Known for its surf, its long stretch of white sandy beach, and the towering jumping rock, North Shore's Waimea Bay has always been a hit for locals and visitors. These days, visitors in the shallower waters have company. 

Micheal Harbowy is a resident fishermen who comes to Waimea often. He says in the past few days, there's been a lot more action in the water. 

"This morning I was standing on Jump Rock fishing, and I look right down, straight down right by my feet, there was a Galapagos cruising around Jump Rock just going around it."

Since last week, Ocean Safety Crews say sharks have been sighted swimming a little too close for comfort. 

Murky water is one of the reasons why the sharks come so close to shore. Dark spots in the water, known as bait fish or schools of fish act like a buffet for the predators, bringing them as close to 40-feet from the beach. 

"Bigger fish eat the smaller fish and with the dead fish it attracts other big fish," said Adam Lerner, Ocean Safety Lieutenant, "With some stagnant dead fish around it's been attracting a few sharks in the area.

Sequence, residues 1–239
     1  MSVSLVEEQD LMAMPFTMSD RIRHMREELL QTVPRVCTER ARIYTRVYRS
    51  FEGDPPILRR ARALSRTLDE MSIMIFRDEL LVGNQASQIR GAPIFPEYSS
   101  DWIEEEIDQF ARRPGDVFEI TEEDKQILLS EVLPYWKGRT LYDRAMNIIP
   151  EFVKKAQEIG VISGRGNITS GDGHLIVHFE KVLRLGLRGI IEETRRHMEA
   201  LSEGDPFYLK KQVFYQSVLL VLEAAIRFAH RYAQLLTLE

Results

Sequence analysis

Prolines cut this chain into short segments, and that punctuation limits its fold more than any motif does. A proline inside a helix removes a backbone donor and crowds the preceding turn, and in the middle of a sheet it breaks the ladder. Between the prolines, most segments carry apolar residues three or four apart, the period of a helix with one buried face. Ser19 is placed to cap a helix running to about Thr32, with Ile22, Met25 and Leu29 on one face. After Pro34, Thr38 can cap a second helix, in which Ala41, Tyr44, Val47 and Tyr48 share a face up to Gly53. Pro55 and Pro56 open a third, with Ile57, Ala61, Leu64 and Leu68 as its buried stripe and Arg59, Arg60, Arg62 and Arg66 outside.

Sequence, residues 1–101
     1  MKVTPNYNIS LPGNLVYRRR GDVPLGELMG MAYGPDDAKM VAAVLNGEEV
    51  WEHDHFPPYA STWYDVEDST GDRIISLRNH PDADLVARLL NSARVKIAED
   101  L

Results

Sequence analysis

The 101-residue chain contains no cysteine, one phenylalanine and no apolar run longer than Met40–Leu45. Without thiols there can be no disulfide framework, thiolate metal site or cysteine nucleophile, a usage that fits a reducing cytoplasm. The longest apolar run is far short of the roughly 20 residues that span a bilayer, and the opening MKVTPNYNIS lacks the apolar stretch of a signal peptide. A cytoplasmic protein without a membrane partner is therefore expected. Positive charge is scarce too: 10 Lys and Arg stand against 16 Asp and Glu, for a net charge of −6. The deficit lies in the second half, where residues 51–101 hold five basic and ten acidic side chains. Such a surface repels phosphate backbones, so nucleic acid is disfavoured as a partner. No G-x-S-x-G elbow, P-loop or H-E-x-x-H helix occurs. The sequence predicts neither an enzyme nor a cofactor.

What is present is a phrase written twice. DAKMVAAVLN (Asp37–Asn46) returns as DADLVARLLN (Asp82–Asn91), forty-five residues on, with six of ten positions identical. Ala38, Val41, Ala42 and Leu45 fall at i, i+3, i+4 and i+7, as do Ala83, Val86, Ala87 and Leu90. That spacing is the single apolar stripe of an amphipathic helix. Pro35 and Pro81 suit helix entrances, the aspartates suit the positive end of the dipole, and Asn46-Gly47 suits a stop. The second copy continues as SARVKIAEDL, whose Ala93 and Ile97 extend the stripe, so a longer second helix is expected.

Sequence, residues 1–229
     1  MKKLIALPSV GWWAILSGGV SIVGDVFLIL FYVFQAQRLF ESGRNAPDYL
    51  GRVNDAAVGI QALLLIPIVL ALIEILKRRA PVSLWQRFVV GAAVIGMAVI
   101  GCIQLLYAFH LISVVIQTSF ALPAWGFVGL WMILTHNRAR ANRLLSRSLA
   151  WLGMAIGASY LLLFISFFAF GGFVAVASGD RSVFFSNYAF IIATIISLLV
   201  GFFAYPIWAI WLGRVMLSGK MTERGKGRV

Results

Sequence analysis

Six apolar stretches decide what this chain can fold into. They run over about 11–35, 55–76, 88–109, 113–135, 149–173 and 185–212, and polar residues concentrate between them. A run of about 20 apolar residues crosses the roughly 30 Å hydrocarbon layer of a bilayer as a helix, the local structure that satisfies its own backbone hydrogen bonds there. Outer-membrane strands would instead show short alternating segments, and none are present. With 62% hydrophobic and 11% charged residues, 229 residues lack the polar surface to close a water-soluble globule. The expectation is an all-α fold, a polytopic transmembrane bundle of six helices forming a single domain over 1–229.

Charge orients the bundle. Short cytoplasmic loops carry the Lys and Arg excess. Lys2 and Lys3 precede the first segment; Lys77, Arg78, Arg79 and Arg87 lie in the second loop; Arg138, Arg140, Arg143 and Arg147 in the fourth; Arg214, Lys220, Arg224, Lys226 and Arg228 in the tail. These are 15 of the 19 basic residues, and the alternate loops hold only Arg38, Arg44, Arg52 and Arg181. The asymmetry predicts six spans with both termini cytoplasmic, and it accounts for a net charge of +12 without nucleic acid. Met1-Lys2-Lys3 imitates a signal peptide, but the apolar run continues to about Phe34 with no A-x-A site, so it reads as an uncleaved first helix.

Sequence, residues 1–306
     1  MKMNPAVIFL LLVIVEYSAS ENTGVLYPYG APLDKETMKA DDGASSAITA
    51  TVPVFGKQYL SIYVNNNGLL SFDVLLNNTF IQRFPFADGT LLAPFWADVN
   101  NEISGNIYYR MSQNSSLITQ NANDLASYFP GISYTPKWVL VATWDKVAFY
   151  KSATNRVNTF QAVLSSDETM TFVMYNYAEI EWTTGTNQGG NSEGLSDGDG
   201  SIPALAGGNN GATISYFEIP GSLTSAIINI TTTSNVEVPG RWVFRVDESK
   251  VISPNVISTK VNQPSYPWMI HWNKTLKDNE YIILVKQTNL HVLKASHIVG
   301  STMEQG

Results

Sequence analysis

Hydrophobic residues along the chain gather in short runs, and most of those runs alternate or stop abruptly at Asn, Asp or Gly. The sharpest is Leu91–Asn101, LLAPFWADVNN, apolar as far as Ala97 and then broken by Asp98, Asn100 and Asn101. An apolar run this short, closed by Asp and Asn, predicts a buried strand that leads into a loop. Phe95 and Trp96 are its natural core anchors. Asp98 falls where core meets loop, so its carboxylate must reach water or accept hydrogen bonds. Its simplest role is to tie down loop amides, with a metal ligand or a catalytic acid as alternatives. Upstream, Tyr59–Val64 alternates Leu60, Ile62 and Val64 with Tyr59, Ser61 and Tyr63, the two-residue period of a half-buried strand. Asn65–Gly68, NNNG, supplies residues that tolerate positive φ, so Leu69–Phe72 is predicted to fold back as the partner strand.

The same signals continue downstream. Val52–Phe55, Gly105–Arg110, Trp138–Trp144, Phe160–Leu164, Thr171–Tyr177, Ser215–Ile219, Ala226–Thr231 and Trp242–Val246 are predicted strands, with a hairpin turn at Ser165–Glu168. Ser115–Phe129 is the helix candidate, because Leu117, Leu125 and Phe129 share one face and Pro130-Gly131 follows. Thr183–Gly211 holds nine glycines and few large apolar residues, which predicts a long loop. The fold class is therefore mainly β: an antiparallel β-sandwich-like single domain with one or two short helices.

Lifeguards on duty have stepped up beach inspections, making their rounds by land and sea.

"With the ATV's and our guys in tower here we're doing a little more patrols than normal, and keeping our eyes peeled daily. We'll do patrols on the ski and check it out in the morning, and it's been active for the last four days so we'll keep doing it until they leave," Lerner said.

Officials cannot enforce a beach closure, so the shark sighting signs serve as a precautionary message for beach goers. 
They suggest staying out of the waters, but those who jump in -- are swimming at their own risk. 

Lifeguards say the sharks vary in sizes-- the largest, up to 10-feet. They suspect Galapagos sharks are the ones commonly seen. 

Since the sightings, no attacks have been reported.